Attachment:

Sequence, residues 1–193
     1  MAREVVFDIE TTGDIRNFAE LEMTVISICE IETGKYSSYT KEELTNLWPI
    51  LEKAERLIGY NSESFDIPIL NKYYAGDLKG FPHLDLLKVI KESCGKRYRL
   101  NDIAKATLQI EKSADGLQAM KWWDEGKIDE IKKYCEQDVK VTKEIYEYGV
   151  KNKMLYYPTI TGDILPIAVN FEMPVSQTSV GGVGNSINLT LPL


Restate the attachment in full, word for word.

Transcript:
Sequence, residues 1–193
     1  MAREVVFDIE TTGDIRNFAE LEMTVISICE IETGKYSSYT KEELTNLWPI
    51  LEKAERLIGY NSESFDIPIL NKYYAGDLKG FPHLDLLKVI KESCGKRYRL
   101  NDIAKATLQI EKSADGLQAM KWWDEGKIDE IKKYCEQDVK VTKEIYEYGV
   151  KNKMLYYPTI TGDILPIAVN FEMPVSQTSV GGVGNSINLT LPL